Volunteering: Recruit and organize parent help and support.
Learning At Home: Provide information and ideas to families about how to help students at home with homework and other curriculum-related activities, decisions, and planning.
Decision Making: Include parents in school decisions, developing parent leaders and representatives.
Collaborating With Community: Identify and integrate resources and services from the community to strengthen school programs, family practices, and student learning and development.
There are many reasons for developing school, family and community partnerships. They can improve school programs and school climate, provide family services and support and increase parent’s skills and leadership, connect families with others in the school and in the community and help teachers with their work. However, the main reason to create such partnerships is to help youngsters succeed in school and in later life (Epstein, 1995).
The National Parent Teacher Association (PTA) Board of Directors (1993) has endorsed three types of parental involvement:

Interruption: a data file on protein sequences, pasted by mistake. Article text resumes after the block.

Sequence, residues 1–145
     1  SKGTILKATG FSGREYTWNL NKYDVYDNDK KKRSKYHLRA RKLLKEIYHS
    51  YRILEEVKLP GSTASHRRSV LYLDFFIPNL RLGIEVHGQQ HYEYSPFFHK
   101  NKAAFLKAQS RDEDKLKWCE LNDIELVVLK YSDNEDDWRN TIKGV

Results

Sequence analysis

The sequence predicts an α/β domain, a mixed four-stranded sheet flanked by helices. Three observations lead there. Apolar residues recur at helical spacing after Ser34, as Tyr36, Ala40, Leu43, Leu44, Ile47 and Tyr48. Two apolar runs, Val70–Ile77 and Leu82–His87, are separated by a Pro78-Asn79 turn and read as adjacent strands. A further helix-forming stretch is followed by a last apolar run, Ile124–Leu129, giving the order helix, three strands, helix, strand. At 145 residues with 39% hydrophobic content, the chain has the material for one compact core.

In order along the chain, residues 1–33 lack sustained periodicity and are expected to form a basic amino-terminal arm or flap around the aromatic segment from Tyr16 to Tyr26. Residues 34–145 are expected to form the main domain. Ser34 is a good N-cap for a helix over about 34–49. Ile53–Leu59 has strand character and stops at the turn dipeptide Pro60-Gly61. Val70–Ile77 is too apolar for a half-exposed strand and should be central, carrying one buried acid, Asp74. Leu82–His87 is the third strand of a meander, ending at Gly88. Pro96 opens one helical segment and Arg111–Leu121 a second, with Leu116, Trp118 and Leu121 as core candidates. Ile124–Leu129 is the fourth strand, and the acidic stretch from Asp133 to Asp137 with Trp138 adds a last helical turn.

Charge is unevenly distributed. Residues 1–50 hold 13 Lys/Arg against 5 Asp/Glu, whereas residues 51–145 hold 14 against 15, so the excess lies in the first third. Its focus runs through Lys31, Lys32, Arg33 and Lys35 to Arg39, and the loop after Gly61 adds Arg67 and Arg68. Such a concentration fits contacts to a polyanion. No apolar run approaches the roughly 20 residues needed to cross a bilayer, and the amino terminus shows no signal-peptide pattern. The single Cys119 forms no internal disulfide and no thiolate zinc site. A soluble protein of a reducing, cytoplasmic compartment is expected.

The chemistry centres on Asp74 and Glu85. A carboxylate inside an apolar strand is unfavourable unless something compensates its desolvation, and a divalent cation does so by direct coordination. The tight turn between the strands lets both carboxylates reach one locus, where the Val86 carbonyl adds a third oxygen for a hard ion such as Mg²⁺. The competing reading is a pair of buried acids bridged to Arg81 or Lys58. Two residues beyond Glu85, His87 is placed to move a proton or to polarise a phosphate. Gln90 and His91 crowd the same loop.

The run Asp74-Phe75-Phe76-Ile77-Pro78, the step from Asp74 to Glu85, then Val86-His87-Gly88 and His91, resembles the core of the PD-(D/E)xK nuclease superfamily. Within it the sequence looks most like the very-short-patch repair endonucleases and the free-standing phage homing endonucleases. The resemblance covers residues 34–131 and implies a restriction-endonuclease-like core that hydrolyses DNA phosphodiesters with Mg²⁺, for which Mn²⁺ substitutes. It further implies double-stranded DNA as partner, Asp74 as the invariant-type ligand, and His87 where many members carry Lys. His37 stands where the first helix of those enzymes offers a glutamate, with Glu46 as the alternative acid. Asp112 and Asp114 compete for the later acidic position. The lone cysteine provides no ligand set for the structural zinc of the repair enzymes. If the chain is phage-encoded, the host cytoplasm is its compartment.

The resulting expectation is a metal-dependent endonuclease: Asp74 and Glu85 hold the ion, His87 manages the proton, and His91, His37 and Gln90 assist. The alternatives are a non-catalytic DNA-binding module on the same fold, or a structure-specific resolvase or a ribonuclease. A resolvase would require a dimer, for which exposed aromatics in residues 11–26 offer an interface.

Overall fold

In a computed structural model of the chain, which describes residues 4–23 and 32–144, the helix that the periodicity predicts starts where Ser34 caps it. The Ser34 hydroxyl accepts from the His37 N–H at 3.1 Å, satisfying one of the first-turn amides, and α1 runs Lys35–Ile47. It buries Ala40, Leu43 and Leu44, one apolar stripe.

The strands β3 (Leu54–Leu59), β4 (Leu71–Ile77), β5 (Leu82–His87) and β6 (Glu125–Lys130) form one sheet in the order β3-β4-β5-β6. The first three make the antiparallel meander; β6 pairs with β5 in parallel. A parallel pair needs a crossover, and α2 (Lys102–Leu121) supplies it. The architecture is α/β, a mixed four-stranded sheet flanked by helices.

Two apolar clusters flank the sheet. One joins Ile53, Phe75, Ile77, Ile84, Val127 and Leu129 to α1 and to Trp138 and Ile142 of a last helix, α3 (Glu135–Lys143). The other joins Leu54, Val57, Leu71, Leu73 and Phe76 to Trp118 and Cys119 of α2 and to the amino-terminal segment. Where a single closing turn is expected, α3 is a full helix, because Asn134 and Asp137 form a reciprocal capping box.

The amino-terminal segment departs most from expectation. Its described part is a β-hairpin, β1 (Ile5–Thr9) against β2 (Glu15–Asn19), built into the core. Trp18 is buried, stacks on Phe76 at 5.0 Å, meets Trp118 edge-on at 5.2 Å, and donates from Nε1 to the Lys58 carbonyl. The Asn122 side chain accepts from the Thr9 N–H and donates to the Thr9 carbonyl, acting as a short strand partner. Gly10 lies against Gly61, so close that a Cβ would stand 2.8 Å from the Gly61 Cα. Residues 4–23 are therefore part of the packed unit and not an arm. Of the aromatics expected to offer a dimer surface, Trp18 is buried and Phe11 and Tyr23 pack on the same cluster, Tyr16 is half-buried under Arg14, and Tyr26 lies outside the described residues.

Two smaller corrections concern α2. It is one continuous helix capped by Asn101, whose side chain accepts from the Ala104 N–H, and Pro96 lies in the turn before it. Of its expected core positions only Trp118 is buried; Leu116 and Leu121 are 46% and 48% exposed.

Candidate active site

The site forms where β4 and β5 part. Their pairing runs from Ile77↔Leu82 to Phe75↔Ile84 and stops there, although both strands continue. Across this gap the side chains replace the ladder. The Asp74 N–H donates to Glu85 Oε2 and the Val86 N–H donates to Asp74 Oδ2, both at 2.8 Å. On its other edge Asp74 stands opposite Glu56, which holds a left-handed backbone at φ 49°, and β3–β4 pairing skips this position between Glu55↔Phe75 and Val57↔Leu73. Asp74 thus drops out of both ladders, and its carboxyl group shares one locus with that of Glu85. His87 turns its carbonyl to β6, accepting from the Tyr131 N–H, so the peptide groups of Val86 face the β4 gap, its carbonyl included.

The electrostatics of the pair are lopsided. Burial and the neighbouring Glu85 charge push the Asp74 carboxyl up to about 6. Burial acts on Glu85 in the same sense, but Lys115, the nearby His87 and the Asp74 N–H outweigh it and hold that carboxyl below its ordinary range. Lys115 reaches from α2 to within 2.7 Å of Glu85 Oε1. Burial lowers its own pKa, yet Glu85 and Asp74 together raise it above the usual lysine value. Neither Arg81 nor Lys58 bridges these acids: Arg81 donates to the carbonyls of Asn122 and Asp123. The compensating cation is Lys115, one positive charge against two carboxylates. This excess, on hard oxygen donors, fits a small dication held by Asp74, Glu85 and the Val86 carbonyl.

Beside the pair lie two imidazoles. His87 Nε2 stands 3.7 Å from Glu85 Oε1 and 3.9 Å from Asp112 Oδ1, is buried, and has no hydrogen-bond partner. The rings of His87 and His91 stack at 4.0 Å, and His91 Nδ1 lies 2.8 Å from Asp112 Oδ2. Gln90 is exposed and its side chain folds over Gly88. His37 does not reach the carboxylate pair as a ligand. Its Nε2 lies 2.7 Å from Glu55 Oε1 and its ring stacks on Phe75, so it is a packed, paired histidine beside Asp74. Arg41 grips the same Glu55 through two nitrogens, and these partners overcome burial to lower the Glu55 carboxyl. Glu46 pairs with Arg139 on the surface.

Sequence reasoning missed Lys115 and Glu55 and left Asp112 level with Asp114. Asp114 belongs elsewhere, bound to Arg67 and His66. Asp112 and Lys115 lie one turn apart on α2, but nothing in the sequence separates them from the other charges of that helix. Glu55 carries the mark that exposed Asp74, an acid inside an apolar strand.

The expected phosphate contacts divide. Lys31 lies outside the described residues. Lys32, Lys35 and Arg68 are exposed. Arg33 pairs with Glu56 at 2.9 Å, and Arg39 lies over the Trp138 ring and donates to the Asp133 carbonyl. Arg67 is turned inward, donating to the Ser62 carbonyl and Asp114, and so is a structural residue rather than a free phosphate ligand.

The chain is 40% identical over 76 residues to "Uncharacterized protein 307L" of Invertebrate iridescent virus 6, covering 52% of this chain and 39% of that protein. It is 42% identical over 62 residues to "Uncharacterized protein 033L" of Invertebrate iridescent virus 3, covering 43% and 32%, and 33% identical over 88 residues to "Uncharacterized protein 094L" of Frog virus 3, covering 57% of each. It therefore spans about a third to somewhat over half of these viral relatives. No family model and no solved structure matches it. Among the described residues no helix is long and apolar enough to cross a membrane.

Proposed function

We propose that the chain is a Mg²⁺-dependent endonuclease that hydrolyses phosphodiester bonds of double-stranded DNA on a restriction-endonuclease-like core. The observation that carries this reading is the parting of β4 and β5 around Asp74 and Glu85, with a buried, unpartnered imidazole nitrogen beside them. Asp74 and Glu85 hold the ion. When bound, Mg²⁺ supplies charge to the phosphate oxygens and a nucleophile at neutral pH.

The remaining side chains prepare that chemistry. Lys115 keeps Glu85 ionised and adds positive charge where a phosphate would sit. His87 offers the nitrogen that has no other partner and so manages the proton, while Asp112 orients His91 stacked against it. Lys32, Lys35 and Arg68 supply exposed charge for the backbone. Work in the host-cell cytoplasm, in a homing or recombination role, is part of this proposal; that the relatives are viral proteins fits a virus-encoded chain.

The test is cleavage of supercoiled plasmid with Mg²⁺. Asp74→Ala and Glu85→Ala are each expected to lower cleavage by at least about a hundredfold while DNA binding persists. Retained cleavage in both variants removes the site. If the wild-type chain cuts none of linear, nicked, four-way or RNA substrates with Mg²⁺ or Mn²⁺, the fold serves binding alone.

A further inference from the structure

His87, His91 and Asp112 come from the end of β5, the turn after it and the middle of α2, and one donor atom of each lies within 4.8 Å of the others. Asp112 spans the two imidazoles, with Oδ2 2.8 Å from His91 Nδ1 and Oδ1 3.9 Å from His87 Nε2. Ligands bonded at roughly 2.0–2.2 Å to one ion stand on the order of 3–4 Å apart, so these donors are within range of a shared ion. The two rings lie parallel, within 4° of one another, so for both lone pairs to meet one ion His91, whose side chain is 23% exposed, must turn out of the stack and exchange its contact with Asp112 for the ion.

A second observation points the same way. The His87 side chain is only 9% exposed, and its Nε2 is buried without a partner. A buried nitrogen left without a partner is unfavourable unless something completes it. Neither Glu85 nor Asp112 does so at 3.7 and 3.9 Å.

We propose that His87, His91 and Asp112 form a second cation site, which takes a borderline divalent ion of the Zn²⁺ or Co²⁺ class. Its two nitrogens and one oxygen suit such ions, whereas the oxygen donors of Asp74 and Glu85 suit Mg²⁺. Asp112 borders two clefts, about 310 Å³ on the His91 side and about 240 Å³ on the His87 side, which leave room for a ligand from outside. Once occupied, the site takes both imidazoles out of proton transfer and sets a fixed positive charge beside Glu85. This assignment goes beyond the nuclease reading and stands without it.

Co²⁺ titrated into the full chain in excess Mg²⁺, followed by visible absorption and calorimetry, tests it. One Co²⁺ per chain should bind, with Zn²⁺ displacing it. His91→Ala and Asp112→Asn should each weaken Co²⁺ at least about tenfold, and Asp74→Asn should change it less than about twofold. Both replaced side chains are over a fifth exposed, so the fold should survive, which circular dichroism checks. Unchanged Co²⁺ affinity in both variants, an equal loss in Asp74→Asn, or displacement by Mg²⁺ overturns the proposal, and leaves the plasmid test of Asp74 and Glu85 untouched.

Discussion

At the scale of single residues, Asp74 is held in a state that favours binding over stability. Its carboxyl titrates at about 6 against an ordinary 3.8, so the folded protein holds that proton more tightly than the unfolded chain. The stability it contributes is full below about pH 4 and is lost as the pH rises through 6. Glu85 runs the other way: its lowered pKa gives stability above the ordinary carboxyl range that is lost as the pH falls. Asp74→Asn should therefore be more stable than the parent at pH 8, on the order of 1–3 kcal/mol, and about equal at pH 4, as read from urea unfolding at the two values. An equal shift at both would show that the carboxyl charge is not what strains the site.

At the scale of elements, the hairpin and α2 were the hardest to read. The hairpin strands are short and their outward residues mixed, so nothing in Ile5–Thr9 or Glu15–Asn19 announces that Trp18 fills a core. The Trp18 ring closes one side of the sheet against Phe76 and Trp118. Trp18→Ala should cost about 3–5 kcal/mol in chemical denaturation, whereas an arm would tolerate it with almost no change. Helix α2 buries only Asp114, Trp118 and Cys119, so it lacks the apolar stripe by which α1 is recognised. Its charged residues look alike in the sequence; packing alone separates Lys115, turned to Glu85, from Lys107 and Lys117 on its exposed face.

Parents as the first educators in the home,
Parents as partners with the schools, and
Parents as advocates for all children and youth in society.
In 1997, the National PTA created and adopted the National Standards for Parent/Family Involvement Programs in support of establishing quality parental involvement programs that enhance student learning and achievement. These standards were based on Epstein’s (1987, 1992, 1995) model of parental involvement.
As Fan and Chen (2001) found in their research, parenting styles, as a critical measure of parent involvement, have been linked to student performance. Fan and Chen examined multiple measures of parent involvement. The researchers identified three constructs of parent involvement: communication, supervision, and parental expectations. Communication refers to parents’ frequent and systematic discussions with their children about schoolwork. Supervision includes monitoring when students return home from school and what they do after school, overseeing time spent on homework. Parental expectations were found to be the most critical of the three. These include the manner and extent to which parents communicate their academic aspirations to their children. Fan and Chen found that high expectations of parents and student perceptions of those expectations are associated with enhanced achievement.